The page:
|Volume 23 Number 4 April 2021
We live in a world where work is important. There is nothing wrong with work. Before sin entered the world, God gave Adam a job to do (Genesis 2:15). We are told to do all of our work as if we are working for the Lord (Colossians 3:23-24) and to do our work with all of our might, giving it our absolute best (Ecclesiastes 9:10). The Bible places a responsibility on us to work if we want to survive. Far too many people simply want a handout. Yet, for all that the Bible says about work, it says as much about the value of rest. While none of us should want to rust out from inactivity, we should be careful not to burn out from overdoing it. Notice the theme of rest as it runs throughout the Scriptures.
God Rested and Israel’s Sabbath
The creation week was a busy week for God. In six days, God created everything in the heavens and the earth, and it was all very good (Genesis 1:31). On the seventh day, God rested from His created work (Genesis 2:1-2). The seventh day was blessed and sanctified because God chose to rest on the seventh day. This set a pattern to be followed later by the Israelites. God was not tired or worn out from creating the world, but He did stop creating (Psalm 121:3). God could have kept creating if He wanted to, but He chose to stop. God was not losing power or running out of ideas. He had accomplished all that He wanted to at this point. He was satisfied with what He had done, and this allowed Him to step away.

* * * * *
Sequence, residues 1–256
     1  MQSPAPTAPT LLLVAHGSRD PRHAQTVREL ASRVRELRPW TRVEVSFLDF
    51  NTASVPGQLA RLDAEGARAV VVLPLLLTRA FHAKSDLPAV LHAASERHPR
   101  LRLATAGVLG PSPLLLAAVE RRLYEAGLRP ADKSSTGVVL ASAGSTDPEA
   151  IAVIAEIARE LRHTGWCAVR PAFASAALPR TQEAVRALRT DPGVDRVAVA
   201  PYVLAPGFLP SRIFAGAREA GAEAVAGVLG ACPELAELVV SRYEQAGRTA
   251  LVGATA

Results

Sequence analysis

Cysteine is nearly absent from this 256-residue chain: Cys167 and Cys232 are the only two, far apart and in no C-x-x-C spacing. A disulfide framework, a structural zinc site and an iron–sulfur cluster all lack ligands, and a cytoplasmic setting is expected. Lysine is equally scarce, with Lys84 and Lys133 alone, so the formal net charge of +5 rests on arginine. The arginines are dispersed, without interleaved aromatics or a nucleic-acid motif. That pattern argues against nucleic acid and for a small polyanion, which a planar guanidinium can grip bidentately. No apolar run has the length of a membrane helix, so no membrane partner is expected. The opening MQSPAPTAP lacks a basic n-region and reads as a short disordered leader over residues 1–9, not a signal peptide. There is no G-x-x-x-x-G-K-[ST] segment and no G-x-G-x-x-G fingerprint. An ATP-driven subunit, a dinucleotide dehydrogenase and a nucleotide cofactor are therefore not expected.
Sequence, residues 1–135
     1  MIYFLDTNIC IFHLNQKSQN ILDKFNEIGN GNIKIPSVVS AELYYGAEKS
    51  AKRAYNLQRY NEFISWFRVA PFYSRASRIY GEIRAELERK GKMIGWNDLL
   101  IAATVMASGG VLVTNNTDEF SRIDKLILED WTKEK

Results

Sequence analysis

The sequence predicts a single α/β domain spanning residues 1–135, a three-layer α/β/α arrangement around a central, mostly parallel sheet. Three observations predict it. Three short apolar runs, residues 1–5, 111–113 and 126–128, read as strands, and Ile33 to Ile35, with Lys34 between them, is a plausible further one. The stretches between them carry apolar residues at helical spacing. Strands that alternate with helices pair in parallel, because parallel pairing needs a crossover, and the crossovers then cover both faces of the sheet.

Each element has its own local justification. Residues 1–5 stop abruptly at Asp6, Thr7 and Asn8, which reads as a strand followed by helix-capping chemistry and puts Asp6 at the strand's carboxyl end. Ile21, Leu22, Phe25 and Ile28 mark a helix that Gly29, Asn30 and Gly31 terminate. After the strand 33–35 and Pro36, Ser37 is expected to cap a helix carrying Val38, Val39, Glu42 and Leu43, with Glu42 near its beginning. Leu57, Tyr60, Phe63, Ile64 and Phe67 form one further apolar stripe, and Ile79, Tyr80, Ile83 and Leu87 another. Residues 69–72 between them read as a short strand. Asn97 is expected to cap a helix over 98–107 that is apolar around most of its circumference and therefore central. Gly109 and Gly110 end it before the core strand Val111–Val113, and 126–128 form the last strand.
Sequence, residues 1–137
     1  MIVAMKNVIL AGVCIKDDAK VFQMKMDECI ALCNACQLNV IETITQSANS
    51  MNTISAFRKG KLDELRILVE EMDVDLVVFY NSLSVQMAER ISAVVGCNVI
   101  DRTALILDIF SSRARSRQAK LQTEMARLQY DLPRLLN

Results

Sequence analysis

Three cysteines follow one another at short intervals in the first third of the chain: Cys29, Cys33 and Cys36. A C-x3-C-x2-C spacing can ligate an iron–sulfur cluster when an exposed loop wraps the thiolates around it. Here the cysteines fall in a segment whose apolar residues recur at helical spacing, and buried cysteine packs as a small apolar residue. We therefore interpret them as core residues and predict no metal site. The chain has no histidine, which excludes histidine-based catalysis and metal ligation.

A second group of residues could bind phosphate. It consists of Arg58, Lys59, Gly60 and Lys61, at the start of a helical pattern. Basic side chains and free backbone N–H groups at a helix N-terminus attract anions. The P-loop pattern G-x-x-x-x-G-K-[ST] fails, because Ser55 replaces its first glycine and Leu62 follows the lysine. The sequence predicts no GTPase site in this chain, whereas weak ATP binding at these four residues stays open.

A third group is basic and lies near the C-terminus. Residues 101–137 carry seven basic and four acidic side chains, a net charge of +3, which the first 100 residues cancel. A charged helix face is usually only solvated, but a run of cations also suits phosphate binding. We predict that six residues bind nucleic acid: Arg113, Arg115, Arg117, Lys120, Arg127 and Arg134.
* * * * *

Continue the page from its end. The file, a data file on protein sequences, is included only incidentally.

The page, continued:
God later commanded Israel to keep the Sabbath Day as a part of the Law of Moses. This command was given on two separate occasions, and a different reason was given each time. The first time Moses gave the command to keep the Sabbath, he said the reason for the command was because God created the world in six days and rested the seventh day (Exodus 20:8-11). God’s choice to rest on the seventh day was to be followed by His people as they prepared to enter the land of Canaan.
The next time Moses gave the command to keep the Sabbath, he said it should be done because they were slaves in Egypt but were now free people (Deuteronomy 5:13-15). God had freed Israel from servitude under Pharaoh. They were not to become slaves to their work. The entire land of Israel was to enjoy a Sabbath rest every seven years (Leviticus 25:1-7). The reasons for these breaks and rest in the workweek of Israel was designed to build trust in their God. Israel needed to know that if they stopped working for a day, the world would not collapse since God upholds the world by His power, not by the work of humanity (Colossians 1:17; Hebrews 1:3). As with much of the rest of the law, Israel failed to keep the Sabbath, and the nation was led into captivity as a consequence of their defiance (Jeremiah 17:19-27; 25:7-11). The Sabbath has been nailed to the cross with the rest of the Old Testament law, and Christians are not bound to keep the Sabbath (Colossians 2:14). However, the principle of rest and trusting God is still one we need to practice.
There has never been anyone who has accomplished as much as Jesus did in His life on earth as quickly as He did it. Read the Gospel of Mark and get a glimpse of how fast-paced Jesus’ life was. He was always busy healing, preaching, praying or helping someone in need. He did many things and did all of them well (Mark 7:37). Jesus was serious about making the most of the time before Him and doing the work His Heavenly Father assigned Him (John 4:34; 9:4). Still, He knew how to stop and rest.